Ticks on humans are not a problem - unless the tick is infected with a disease that can be transmitted to us. Here's how to avoid, recognize and remove ticks.
Ticks tend to hang out in the areas where we like to go hiking and camping.
Some ticks can transmit disease. The best known of these is Lyme disease, but there are at least ten others.
There are hundreds of species of ticks in the world. Many are completely harmless.
Ticks on humans don't often hurt. You can be bitten by a tick and not even know it.
Ticks bite in order to eat - but they don't eat much.
Infection rates vary from place to place. In some locations, most of the ticks are infected. In others, very few carry infection.
Tick-borne diseases are not instantly transmitted.
Lyme disease, for instance, generally isn't passed on to a human host until the tick has been latched on to the human's skin for a day or two.
Treatment is most successful when it is begun immediately.
These are the diseases that are currently known to be carried and transmitted by ticks:
Since all of these are hard to diagnose and some are even harder to treat, the best strategy is to avoid being bitten by ticks in the first place.
Do some research about the area where you plan to camp and hike.
If you choose an area where infected ticks are known to hang out, take the following precautions:
Wear long sleeves and pants. Tuck your pants into your socks.
Or put rubber bands around your ankles to cinch your your pant legs in tight. You might want to go even further and fasten your pants to your socks with duct tape.
Tuck your shirt into your pants.
Wear a hat with an attached bandanna that covers your neck.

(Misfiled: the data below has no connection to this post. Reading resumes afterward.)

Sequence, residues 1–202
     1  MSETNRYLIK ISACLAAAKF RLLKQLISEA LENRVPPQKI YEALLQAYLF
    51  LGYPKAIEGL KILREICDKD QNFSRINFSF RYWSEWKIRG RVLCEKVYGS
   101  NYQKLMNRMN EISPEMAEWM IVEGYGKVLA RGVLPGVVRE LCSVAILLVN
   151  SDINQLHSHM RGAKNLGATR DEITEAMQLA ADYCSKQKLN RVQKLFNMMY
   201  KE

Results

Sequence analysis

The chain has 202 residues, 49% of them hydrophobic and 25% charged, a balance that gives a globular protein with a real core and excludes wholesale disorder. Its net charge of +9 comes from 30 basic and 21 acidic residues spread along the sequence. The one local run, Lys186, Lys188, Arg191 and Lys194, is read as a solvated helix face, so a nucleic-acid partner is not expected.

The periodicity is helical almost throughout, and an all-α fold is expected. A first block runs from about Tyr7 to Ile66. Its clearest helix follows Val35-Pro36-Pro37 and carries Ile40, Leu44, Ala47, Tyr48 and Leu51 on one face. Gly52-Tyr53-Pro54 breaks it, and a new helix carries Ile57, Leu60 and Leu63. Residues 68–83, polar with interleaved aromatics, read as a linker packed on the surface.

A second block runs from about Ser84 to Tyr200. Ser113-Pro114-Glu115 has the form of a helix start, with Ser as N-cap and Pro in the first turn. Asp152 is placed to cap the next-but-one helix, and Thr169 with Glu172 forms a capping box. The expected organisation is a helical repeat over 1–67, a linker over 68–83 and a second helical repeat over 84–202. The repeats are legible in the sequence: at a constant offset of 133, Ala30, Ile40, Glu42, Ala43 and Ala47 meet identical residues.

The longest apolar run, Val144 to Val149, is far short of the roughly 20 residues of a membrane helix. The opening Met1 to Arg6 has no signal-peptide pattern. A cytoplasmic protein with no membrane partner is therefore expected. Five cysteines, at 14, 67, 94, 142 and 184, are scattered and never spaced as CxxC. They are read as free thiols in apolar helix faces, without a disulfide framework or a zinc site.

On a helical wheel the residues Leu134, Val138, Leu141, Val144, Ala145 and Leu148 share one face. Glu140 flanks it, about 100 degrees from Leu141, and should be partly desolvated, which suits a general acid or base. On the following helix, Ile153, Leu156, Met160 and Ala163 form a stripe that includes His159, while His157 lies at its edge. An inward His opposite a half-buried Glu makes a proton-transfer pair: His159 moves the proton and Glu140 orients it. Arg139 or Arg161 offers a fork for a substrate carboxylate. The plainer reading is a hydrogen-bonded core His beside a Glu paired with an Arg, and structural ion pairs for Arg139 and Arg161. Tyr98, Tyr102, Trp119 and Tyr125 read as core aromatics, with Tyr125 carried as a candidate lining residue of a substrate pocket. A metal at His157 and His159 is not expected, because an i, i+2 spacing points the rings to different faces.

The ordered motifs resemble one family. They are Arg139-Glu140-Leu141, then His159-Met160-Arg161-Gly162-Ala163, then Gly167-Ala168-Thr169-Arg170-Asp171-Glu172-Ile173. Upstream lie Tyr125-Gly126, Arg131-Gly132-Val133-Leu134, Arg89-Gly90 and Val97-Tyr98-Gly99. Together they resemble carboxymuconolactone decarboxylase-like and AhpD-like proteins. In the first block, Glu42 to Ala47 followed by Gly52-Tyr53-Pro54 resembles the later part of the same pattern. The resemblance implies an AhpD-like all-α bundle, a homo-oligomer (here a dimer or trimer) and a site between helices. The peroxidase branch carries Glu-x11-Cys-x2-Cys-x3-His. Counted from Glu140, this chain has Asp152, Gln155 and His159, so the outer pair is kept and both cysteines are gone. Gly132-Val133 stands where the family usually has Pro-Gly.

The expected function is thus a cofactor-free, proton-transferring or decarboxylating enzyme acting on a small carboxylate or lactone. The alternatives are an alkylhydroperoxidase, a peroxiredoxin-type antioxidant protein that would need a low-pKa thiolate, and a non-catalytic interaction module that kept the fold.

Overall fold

This won't deter ticks, but it will make it easier for you to see and remove them.
This is where ticks typically hang out. When hiking, stay to the middle of the trail.
Health officials recommend that you use an insect repellent containing DEET to repel ticks.
You'll have to decide whether the risks of using DEET outweigh the risks of being bitten by a tick.
If you do use DEET, be sure to follow the directions on the package. Don't get the repellent in your eyes, nose or mouth.
These outfits are light and comfortable and provide a barrier to keep ticks away. They also deter bees, wasps and mosquitoes!
Even if you take every precaution, a tick may still find you and attach itself to you.
Ticks on humans tend to crawl around for awhile before they settle down for a snack, so if you check regularly, you have a good chance of finding and removing them before they start munching you.
If you are out for the whole day, check numerous times during the day - every time you sit down for a rest or a snack.
Check all exposed skin. Look especially closely at these areas of the body:
A tick that has had a good feed of your blood will be easiest to find. It will be engorged, blue-gray in color, and as large as a watermelon seed.
A tick that hasn't begun to feed may be as small as a sesame seed - or even smaller!
If you find one tick, don't stop looking! There may be more.
If you find a tick, you may be tempted to grab it and tear it off. Don't! Read this to learn how to remove ticks on humans safely and effectively.
If you are bitten by a tick that doesn't carry disease, you will probably have no symptoms at all. In fact, you probably won't feel the bite and might never know that you have been bitten!
Ticks on humans cause symptoms only if the ticks are infected. If the tick was infected with the bacteria that causes Lyme disease, for example, you may notice the following symptoms:
You'll notice that this looks very much like a list of flu symptoms. You might just assume that you have the flu.
If you have been in an area where Lyme disease is common, see your doctor promptly. Lyme disease is very treatable in the early stages.
Even if you don't seek treatment, the rash will go away in about a month, giving you the false sense that all is well - but the bacteria is still spreading through the body.
Ticks on humans can cause serious problems. By knowing how to avoid, detect and remove ticks, you can lessen your chances of contracting a tick-borne disease.